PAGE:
I spoke with many lawyers whose offices are physically closer to Ground Zero than mine. So long as their offices were physically unaffected, their cash flows solid, and their reliance on technology and electronic files slight, their primary change was making phone calls from home and waiting to go back to the office to resume daily operations. Some of them were unable to work until they were allowed back into their offices. Often that took longer than anyone imagined-those in the NYC Corporation Counsel's office were allowed to return only in April. Smaller firms in this situation experienced cash flow losses that will never be recouped.
Many lawyers simply were very lucky, because most had no clear contingency plans. Their businesses survived because either their downtime was limited or the public did not expect anyone in Lower Manhattan to be in normal operating mode. (About three days after the disaster I did receive a sales call and was flabbergasted that someone actually phoned the 212 area code to make a quota.) Sometimes small things made a big difference in people's ability to work: Whether your windows faced the Trade Center, whether you had left them open or closed, and whether you had left a lot of papers on your desk made an enormous difference in some cases. My new contingency plan includes closing the windows in my office whenever I leave-even this far away, ashes from the burning debris drifted in the windows all that first week.
Lawyers who worked in or very near the WTC faced a very different reality. Most of my colleagues in small practices had some backup plans, but no one envisioned a disaster of this magnitude, affecting a 20-acre radius, tens of thousands of people, and access to the area for months. Most people hadn't anticipated the need to conduct business with no utility infrastructure. Certain subway and commuter train stations must be rebuilt, and some people have a much longer commute than they anticipated when the locations were first selected.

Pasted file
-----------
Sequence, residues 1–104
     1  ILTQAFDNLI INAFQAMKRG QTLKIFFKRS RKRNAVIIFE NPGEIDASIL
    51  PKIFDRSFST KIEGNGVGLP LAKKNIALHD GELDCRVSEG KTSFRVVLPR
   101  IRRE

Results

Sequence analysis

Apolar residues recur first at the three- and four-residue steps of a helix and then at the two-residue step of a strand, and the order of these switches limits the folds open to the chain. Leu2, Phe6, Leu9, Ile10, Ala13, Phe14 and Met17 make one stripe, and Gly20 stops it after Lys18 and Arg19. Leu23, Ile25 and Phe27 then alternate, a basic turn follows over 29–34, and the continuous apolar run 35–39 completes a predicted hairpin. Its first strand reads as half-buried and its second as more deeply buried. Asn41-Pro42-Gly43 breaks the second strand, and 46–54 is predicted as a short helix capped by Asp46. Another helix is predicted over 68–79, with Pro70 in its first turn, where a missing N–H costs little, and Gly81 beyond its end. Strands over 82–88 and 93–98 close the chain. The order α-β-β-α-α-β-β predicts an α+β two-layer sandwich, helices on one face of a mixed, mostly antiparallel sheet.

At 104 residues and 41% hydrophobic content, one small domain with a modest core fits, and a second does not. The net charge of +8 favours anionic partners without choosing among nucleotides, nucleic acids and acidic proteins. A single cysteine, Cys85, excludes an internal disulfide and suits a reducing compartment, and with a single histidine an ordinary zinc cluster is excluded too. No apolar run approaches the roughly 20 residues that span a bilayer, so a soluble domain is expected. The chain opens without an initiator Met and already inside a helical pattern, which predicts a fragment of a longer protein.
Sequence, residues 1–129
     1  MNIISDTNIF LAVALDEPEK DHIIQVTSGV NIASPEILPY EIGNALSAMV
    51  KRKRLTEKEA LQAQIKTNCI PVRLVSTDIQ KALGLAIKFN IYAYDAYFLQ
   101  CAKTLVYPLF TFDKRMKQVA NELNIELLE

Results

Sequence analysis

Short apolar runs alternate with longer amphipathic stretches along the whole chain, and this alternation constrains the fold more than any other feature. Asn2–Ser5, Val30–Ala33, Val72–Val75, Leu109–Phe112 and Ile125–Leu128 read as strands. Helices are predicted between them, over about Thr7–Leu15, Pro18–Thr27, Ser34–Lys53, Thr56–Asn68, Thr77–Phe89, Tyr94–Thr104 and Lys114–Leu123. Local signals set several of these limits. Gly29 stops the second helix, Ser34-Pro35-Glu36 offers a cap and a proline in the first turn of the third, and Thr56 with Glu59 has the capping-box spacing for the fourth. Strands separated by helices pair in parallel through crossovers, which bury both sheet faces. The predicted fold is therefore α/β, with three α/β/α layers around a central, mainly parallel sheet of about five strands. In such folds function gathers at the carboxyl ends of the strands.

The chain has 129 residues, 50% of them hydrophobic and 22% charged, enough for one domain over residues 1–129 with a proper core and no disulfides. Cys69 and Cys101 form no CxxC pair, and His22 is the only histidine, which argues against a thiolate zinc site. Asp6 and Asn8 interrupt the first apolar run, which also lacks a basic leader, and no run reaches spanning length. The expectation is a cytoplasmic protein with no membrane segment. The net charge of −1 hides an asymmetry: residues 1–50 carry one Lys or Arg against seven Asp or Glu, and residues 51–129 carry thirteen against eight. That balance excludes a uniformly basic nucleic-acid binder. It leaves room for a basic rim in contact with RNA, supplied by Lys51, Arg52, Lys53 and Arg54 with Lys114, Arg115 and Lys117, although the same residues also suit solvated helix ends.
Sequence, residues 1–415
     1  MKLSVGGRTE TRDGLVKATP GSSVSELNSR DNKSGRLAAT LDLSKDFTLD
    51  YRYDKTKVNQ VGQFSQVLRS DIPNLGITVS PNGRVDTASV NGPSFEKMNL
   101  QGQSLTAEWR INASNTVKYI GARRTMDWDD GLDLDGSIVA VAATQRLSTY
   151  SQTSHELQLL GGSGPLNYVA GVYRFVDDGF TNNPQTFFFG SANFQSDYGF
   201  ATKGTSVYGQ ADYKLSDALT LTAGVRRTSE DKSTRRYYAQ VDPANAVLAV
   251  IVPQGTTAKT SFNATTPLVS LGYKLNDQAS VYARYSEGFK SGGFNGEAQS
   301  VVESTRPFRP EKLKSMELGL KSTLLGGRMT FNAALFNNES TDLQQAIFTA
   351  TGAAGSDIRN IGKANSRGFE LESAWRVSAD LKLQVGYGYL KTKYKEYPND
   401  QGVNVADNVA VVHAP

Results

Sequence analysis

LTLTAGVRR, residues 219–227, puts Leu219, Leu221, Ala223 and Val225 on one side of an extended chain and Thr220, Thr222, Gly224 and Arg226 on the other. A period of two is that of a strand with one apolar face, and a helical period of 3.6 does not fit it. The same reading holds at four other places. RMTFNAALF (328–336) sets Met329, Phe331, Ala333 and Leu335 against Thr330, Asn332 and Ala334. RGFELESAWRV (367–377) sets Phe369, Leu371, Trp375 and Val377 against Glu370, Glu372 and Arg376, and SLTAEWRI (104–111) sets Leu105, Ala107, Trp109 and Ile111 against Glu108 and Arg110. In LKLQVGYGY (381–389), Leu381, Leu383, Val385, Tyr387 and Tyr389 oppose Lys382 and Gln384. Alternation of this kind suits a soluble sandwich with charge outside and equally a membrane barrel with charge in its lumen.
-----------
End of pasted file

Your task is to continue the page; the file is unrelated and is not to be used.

Telephones gradually started to work again, but getting a sandwich for lunch became an unofficially sanctioned Olympic event for a while; few places were open for business, and going through security checks made leaving offices a chore. People who would not have dreamed of telecommuting on September 10 are letting leases expire and working entirely or partly from home. Even firms with stringent backup procedures did not come out unscathed-many stored original documents in what they believed to be an eminently safe place: a bank vault in the Twin Towers.